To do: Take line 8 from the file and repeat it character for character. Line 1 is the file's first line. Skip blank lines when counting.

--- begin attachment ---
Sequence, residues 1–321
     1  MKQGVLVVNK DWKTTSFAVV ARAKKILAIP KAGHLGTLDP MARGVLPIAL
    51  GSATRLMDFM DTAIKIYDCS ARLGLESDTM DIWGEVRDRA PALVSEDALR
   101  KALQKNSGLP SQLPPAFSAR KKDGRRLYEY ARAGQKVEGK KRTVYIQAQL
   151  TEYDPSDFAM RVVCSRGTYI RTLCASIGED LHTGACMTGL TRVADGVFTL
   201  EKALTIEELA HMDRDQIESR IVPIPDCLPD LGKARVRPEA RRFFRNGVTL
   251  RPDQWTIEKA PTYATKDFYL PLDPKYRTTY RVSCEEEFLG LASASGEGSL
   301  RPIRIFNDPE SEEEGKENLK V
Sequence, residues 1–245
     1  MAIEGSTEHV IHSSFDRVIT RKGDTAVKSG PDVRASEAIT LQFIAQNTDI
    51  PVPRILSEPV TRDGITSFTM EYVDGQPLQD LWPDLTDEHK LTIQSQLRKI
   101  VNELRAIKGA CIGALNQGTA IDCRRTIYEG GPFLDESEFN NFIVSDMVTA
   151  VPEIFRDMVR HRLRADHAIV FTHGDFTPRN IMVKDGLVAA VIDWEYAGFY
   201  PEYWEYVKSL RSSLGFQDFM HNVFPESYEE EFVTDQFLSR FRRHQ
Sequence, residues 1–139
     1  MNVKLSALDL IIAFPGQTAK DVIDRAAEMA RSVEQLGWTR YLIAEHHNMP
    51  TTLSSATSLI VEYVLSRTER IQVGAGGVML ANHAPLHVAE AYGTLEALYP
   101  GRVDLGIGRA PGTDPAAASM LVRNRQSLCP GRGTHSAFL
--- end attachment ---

   301  RPIRIFNDPE SEEEGKENLK V